A recent law designed to protect teenagers from sex trafficking may have become a victim of its own success.
Police departments say the state's Safe Harbor Law has made them more aware of sex trafficking in their own communities, and they need more help investigating the cases.
For instance, there were just 17 sex trafficking prosecutions in Minnesota in 2010, but after the harbor law was approved in 2011, that number shot up to 72 in 2013.
At a legislative hearing today, police officers told lawmakers that they need more training and investigative support because these cases are becoming more complicated and consuming.
Bud Shaver, police chief in West St. Paul, told lawmakers, "Recently the feds came into town and investigated one of our restaurants. We found a single-bed hotel room with 15 beds in it of human trafficking."
Timothy Deschene of the Waite Park Police Department added, "These investigations were by far the most complex investigations I've conducted within my 28 year law enforcement career. Most law enforcement agencies do not have the time or skill level to complete a proper sex trafficking investigation."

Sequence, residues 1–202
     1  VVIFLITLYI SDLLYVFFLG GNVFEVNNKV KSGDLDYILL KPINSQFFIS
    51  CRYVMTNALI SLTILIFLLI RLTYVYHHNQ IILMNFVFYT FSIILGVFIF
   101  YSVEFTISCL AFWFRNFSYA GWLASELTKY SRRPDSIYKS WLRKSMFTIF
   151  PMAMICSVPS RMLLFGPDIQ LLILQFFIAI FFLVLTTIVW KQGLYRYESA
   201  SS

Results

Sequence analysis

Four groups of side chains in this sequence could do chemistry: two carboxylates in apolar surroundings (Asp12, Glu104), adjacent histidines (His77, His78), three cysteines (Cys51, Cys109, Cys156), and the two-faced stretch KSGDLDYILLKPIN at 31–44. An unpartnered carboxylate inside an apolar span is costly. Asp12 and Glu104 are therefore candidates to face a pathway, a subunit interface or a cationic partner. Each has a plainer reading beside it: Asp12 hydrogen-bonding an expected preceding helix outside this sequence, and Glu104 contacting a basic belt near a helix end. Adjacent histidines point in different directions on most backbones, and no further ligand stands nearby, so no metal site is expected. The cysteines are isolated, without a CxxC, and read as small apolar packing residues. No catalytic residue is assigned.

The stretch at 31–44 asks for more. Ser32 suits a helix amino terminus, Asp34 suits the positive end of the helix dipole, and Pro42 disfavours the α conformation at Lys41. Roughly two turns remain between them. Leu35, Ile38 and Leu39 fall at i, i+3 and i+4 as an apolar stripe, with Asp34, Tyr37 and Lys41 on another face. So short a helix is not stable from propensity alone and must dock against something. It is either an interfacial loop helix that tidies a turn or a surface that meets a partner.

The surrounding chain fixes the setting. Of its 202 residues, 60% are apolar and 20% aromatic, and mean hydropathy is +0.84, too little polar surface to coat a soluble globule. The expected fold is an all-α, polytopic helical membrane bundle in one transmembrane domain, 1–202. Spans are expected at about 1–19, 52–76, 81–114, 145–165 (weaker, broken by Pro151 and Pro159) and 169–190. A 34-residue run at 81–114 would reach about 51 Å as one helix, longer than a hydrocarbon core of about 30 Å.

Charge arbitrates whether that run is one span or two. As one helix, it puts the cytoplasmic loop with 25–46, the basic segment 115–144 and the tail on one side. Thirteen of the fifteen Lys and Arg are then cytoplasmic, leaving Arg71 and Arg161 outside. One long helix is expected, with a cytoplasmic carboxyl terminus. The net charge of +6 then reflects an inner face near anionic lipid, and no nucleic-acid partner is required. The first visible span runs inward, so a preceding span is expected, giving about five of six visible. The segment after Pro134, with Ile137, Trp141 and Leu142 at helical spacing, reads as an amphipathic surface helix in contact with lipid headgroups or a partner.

The bill, authored by Rep. Dave Pinto (D-St. Paul) would set aside $1 million during the next two years to set up state and local task forces to investigate sex trafficking and provide training for local police departments.
It was laid over for possible inclusion in the House crime bill later in the session.